• Just In Time: Poems, 1984-1994. New York: New Directions, 2001.
  • If I Were Writing This. New York: New Directions, 2003.[8]
  • Collected Poems of Robert Creeley, 1945-2005. Berkeley, CA: University of California Press, 2003.[8]
  • On Earth: Last poems, and an essay. Berkeley, CA: University of California Press, 2006.[8]
  • Collected Poems of Robert Creeley, 1975-2005. Berkeley, CA: University of California Press, 2006.
  • Selected Poems, 1945-2005 (edited by Benjamin Friedlander). Berkeley, CA: University of California Press, 2008.


  • Listen (produced in London, 1972). Santa Rosa, CA: Black Sparrow Press, 1972.


  • The Island. New York: Scribner, 1963.

Short fictionEdit

  • The Gold Diggers (short stories). Mallorca, Spain: Divers Press, 1954
    • expanded edition, The Gold Diggers, and other stories. J. Calder, 1965.
  • A Day Book (poems and prose). New York: Scribner, 1972.
  • Mabel: A story, and other prose (includes A Day Book and Presences). London: Calder & Boyars, 1976.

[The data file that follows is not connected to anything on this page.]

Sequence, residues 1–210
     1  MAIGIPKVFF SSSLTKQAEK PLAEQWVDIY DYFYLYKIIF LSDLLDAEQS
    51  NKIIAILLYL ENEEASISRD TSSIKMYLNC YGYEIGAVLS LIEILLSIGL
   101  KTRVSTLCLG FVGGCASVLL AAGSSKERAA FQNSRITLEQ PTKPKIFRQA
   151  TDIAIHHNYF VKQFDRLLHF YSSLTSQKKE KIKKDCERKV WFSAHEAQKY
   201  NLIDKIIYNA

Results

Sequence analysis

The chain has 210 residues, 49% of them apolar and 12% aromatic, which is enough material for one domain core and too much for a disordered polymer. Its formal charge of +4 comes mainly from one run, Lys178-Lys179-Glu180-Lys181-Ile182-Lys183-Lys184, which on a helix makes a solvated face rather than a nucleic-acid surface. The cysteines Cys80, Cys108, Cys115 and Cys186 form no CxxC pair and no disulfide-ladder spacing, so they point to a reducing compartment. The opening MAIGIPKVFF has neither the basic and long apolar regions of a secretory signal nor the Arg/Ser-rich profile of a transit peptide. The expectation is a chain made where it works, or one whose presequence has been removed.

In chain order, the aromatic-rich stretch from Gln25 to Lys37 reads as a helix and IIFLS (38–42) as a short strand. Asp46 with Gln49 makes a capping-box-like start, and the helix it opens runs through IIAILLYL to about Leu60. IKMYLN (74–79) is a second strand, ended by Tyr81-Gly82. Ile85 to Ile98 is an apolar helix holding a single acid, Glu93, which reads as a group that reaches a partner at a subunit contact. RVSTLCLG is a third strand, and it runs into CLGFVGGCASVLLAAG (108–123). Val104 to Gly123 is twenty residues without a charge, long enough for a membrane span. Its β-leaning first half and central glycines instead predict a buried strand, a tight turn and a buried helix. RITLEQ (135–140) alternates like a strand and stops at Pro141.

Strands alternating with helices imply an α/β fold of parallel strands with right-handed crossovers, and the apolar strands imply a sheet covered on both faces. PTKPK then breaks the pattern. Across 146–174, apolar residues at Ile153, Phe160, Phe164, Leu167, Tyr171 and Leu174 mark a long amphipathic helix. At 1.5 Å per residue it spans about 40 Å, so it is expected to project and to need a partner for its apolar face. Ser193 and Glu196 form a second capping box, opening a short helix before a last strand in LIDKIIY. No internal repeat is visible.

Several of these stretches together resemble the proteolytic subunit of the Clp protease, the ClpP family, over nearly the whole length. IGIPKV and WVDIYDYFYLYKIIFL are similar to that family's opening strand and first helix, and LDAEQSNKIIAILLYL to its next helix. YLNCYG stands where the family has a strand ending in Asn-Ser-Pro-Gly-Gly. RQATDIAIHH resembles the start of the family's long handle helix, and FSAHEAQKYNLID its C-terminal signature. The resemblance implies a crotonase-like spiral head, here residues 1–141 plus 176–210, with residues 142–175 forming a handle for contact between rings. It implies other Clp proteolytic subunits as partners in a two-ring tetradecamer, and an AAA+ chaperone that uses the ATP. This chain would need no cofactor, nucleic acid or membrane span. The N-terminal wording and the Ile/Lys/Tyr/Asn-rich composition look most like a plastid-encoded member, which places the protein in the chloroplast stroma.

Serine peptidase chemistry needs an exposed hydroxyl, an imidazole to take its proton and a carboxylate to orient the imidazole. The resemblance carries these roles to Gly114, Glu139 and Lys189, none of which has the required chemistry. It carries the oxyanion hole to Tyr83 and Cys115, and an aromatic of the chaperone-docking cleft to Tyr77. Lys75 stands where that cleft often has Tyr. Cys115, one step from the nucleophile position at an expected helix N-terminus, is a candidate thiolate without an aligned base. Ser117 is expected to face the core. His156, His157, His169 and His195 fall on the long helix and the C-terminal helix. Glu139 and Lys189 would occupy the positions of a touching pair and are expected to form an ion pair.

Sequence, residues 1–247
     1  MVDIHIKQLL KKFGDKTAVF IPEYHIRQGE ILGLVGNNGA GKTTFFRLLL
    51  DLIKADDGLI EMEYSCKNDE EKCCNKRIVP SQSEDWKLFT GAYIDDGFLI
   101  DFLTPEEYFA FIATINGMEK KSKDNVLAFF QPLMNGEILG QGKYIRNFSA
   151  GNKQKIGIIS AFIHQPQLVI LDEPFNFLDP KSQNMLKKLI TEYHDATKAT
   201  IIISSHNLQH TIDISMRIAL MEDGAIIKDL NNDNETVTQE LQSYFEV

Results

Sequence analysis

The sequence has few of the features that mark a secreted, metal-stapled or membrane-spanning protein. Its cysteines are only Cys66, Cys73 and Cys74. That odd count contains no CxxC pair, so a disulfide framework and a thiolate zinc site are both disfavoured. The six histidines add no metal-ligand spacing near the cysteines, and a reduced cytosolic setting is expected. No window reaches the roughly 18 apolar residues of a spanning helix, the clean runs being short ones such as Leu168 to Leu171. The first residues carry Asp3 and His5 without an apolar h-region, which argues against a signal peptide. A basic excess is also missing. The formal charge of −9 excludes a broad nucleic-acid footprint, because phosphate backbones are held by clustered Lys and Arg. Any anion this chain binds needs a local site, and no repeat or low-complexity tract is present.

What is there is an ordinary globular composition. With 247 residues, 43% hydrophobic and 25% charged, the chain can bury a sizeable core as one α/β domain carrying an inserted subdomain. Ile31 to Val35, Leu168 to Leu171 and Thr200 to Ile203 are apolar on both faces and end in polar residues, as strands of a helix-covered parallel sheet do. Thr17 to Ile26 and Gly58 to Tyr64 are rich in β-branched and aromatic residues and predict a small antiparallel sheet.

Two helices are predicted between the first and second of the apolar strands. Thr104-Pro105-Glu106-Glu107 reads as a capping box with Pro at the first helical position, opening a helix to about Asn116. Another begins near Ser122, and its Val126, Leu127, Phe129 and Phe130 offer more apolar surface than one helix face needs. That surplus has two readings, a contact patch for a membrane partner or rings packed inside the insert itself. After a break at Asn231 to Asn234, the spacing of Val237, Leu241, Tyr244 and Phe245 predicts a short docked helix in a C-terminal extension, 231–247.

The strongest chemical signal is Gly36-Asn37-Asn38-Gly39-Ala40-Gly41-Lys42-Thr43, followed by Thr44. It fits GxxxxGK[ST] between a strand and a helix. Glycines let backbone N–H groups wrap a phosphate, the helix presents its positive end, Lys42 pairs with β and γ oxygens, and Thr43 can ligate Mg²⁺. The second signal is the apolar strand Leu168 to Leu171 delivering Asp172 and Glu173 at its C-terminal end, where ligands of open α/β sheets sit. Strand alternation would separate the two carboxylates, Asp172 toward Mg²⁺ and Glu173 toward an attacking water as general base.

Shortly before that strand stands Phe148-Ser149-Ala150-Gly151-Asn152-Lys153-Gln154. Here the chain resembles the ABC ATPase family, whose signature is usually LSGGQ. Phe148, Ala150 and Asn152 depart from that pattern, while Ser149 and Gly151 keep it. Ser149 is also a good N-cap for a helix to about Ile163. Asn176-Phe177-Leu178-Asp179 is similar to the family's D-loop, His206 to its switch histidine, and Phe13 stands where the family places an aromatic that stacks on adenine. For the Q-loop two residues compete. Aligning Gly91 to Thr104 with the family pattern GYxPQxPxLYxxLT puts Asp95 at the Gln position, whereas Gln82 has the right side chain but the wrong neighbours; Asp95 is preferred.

• An American Sense (essay). Sigma Press, 1965.
  • A Quick Graph: Collected Notes and Essays (edited by Donald M. Allen). San Francisco, CA: Four Seasons Foundation, 1970.
  • Notebook. New York: Bouwerie Editions, 1972.
  • A Sense of Measure (essays). London: Calder & Boyars, 1972.
  • Inside Out (lecture). Santa Rosa, CA: Black Sparrow Press, 1973.
  • The Creative (lecture). Santa Rosa, CA: Black Sparrow Press, 1973.
  • Was That a Real Poem and other essays. San Francisco, CA: Four Seasons Foundation, 1979.
  • Collected Essays. Berkeley, CA: University of California Press, 1989.
  • Autobiography. Hanuman Books, 1990.
  • Day Book of a Virtual Poet (essays). New York: Spuyten Duyvil, 1998.
  • Collected Prose. New York: Marion Boyars, 1984